You could be better off inside, it all depends on the type of cyclist you are.
When it comes to running, some people swear by the treadmill and others despise it. Running outdoors is the only way to go, they say. But research shows that with some small tweaks, your rendezvous with the treadmill can be just as beneficial as hitting the pavement.
But what about cycling? The entire machine is different.
Here are some things to consider when deciding which route to take:
Stationary bikes tend to concentrate on strengthening your leg muscles, only. You can exercise your core somewhat by standing in the seat, but it’s really your legs that get the benefit.
Exercising on a real bike is a different story. Riding involves your torso and arms, and depending on the path and bike, it can be a near-whole-body workout.
But there are some things to consider. A study completed by the American Council On Exercise (ACE) found that the average person tends to work out harder on a stationary bike, than they do on a real bike. (This doesn’t apply to serious cyclists who really know their ride and the road).
Most recreational cyclists have a hard time pedaling as fast on a real bike as they do inside. A lot of it has to do with balance.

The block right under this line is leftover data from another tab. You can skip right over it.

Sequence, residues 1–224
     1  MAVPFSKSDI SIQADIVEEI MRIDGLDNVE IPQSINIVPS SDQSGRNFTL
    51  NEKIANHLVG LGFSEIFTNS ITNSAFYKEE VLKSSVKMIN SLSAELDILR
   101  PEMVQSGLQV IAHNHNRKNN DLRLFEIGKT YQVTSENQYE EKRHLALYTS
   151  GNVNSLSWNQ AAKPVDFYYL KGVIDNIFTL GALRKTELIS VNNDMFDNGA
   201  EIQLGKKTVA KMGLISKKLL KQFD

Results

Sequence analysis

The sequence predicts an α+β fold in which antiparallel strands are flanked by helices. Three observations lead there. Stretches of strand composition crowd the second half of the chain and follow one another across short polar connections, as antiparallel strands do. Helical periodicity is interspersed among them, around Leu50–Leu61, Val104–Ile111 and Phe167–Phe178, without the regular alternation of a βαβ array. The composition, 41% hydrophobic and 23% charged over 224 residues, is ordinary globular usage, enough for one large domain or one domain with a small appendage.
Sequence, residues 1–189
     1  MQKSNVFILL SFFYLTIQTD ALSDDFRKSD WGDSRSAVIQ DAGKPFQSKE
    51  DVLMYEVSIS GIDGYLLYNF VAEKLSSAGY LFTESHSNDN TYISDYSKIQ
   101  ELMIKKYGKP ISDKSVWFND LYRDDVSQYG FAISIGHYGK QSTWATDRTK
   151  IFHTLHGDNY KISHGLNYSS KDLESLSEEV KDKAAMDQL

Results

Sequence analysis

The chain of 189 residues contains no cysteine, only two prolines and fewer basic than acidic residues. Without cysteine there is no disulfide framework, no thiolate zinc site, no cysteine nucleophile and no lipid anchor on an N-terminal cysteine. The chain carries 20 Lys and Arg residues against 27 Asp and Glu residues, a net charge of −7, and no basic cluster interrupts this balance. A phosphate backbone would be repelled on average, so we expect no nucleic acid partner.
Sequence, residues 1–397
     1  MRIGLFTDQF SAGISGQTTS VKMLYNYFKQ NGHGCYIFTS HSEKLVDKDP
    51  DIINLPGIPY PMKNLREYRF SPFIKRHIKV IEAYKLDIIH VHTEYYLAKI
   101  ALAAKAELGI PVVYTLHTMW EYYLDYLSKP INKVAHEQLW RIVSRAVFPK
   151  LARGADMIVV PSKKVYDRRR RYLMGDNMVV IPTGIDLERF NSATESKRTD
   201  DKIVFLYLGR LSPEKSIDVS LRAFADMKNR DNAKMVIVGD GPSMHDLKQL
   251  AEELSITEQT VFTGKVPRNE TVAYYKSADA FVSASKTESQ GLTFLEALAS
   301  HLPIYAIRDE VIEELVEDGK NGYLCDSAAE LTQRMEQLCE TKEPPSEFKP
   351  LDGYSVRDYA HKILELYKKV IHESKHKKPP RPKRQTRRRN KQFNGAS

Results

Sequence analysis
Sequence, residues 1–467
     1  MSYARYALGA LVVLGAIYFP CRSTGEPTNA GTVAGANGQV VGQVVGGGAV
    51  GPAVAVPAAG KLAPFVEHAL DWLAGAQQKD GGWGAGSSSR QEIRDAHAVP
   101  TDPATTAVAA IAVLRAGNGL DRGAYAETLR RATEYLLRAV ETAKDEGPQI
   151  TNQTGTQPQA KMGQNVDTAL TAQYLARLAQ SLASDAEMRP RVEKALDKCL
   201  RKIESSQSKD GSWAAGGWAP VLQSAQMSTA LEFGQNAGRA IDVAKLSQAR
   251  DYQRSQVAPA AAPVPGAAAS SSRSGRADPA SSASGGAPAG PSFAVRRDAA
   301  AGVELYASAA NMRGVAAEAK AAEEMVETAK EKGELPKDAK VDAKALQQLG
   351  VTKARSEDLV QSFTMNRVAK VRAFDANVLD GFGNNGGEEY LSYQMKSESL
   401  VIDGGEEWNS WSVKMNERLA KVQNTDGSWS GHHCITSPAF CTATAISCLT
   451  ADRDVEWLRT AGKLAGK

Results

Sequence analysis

And so, it depends on how serious you are about your activity.
Is working out generally easier on a stationary bike? The study found that a typical person cycles in a class inside at around 75 to 95 percent of their maximum heart rate, (as inferred above). Outdoors, this is lower.
And there’s this: on a stationary bike, you can easily increase the resistance, instantly. On the road or trail, this can happen when you hit rough terrain, wind or a hill, but you’ll have to sprint to up your game and raise your heart rate if the path remains constant and the weather is good. Not all recreational riders do this.
The Final Verdict
Both methods of working out are good: stationary bikes and the real deal. If you feel confident and challenged on a real bike outside, go for it. (The benefits for serious cyclists can actually be greater outside).
If you feel like spinning class gives you a better workout however, stick with it. Or, toss it up and include a bit of both.
Either way, may the “road” be long, and the wind (or fan) be always at your back.
Photo credits: nd3000/Shutterstock.com